A lonely Trig Point has lost her Peat. (see later)
The floods of the last month have been grim. The aftermath has not been helped by making the causes a political football. This appeals to those enamoured of simple answers, which as Oscar Wilde said are always wrong. To some it is all because of Tory cuts but it is more complex. To others it is the cessation of dredging , bad directives from the EU and the muddle-headedness of greenie advice taken on board.
However part of the problem lies upstream and for once I find myself in at least partial agreement with George Monbiot. He stresses the need for upland tree-planting and the removal of sheep from our uplands. His argument is at least part of the solution as is the need for peat restoration, which has been carried out in parts of the Pennines in recent years. I am familiar with the restoration in the Forest of Bowland and revisited part on New Year’s Day. My photos are to be found a little later.
Here is a recent blog of Mark Avery’s which summarises aspects including Monbiot’s articles. http://markavery.info/2016/01/03/floods-and-land-use/?platform=hootsuite
We live in Garstang which has the River Wyre flowing through it. In the 80s some flood defenses were built allowing for stopping the river to flood a large basin behind. These photos show the water still pouring over the barrier and how the water backed up, making the rubgy pitch three foot under water.
Even so the Wyre still flooded the Cornmill old peoples’ home, seen here after the river subsided a little. The other two shots are of the footpath leading to the river and then under the bridge. Here it is three feet under water. Five miles downstream the Wyre burst its banks at St Michaels.
Now first some tree planting.
This is on the west slope of Hellvelyn over-looking Thirlmere (where the road has been washed away. Below is a valley on the SE side on Blencathra which has had recent planting but too small to show up on my photo. (I should have taken a recent photo.)
Here we are just above Whitewell on the River Hodder, with some EA planting to control the river. I stopped to look and met the EA employee who planted it, who gave me an enthusiastic lecture about it! Good on the EA!! They get too much stick.
Now to my bog-trotting New Year’s Day walk up Hazlehurst Fell (429m). This fell forms a horseshoe above Bleasdale and includes Fiendsdale Head, Fairsnape Fell and Parlick, and is the source of the River Brock which flows into the Wyre at St Michaels.
I parked the car at Stang Yule and then followed a good track up the fell
I had good views to the north to the Lakes and more immediately over Garstang to the fllooded Fylde – but only locally by Winmarleigh. Gaining height through the heather I got a good view of Parlick.
A few days earlier I had cycled through Winmarleigh to Pilling to find the fields flooded on either side of the aptly named Island Lane. The floods here are not that unusual and until a sea dyke was built to the north in the 70s even the seas came to flood the area, or so the farmer told me.
And so to the blocked drainage channels on the moorland. These are all at about 350 to 410 metres and are straight runnels across the moor. A few years ago the ditches were dammed at intervals and allowed to regrow with a little introduction of sphagnum. (In warmer weather I often fill a plastic bag with sphagnum lower down and put it in the pools but not that day.) As you see the ditches are already being filled with vegetation and in September I found that the surrounding area was far wetter and boggier than it had been before. At present there is only a little sphagnum present.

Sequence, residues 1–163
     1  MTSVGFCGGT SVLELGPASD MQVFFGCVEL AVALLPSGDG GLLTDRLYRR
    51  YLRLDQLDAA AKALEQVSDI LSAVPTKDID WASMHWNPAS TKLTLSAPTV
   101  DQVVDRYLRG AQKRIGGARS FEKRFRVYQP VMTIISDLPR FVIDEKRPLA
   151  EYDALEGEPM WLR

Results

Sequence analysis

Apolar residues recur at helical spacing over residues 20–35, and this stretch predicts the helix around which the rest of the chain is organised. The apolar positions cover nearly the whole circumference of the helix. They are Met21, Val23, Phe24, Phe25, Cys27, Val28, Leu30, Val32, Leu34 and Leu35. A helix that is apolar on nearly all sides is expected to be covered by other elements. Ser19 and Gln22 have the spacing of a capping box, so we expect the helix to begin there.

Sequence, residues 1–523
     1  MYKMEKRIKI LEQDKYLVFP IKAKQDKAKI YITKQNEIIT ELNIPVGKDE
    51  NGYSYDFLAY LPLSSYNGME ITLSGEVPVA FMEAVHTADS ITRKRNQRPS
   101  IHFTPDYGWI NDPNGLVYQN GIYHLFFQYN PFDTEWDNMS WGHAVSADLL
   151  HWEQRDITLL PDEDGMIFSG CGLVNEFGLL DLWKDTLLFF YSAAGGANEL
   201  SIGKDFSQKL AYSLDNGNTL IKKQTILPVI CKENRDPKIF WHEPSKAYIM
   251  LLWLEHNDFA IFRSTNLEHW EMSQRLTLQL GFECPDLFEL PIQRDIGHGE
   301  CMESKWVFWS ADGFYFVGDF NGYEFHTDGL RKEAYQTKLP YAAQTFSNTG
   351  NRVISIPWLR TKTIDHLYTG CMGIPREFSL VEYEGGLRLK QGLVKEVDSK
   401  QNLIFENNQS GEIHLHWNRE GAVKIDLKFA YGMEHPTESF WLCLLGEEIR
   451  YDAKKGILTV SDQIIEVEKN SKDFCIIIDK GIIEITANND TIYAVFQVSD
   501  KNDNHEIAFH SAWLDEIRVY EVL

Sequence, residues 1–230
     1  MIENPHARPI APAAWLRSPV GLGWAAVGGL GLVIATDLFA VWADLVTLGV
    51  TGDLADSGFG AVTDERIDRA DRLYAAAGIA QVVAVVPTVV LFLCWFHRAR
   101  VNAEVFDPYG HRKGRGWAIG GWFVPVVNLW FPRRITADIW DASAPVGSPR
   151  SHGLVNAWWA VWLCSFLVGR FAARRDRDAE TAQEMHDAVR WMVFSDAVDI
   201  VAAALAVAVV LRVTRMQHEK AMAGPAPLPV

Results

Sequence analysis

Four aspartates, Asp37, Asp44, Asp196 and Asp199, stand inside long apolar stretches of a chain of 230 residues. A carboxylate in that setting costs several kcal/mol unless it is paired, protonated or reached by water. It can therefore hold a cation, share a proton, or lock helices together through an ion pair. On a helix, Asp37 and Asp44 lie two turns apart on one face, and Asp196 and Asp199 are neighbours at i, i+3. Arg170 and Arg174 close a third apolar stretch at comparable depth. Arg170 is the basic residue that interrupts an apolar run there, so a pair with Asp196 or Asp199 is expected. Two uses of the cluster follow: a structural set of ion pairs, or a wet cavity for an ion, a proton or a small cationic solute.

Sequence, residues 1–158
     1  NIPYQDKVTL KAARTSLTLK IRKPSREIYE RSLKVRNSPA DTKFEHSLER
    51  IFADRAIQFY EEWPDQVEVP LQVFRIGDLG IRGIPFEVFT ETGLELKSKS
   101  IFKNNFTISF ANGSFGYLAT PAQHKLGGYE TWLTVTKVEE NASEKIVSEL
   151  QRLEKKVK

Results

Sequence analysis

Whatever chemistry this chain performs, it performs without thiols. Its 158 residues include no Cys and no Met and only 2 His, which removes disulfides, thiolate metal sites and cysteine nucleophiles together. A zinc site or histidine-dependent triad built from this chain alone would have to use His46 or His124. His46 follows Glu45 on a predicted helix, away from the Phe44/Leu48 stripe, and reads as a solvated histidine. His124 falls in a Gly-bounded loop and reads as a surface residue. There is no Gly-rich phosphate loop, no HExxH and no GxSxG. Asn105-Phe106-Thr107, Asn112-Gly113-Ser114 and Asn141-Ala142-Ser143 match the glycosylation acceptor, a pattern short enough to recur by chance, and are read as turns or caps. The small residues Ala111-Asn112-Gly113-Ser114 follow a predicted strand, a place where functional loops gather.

This is a view of the fell from the track on the north east, with a drainage ditch on the left. That had not been blocked.
A view over Bleasdale and Parlick . It was a nice place to stop for some coffee.
What is often not realised is that not only has peat been washed away, but also disappears into thin air. This can be see by the relative rising of Trig Points. These ubiquitous markers were erected by the Ordnance Survey a century or so ago, and beloved by walkers.
Here is the one on Hazlehurst F3ell (SD563481) . As you appoach you see the plinth is no longer flush were the ground. When you get there you see it is a foot proud of the surroundings. That means that the actual summit is ONE FOOT lower than it was a century ago.
Where has all the peatie gone?
The answer is clear. It has either been eroded, or,more likely, it has dried out and blown away.
If that is not serious consider this poor trig Point on Haythornthwaite Fell (SD578515). The map says it is 428 metres, but that must be past tense. When I first went past it in 2003 in thick mist, it eerily rose above me by 10 feet. It has now been toppled and the base is clear and shows how much peat has disappeared. The surrounding peat hags show the minimum height of the peat last century. My photos do niot show how much peat has been lost as for about a square kilometre the peat has gone , exposing the mineral base, i.e. the broken rock lying on top of the Pendle Grit. It is hard not to see this as an environmental disaster as it has not only lost a habitat but loads of CARBON was locked up in that peat.
I had a good short walk, but more important is to consider the seriousness of what has happened to the Pennines. Flooding may be only one result of it. We have lost peat as a natural way of Carbon Capture, not to mention mountain biodiversity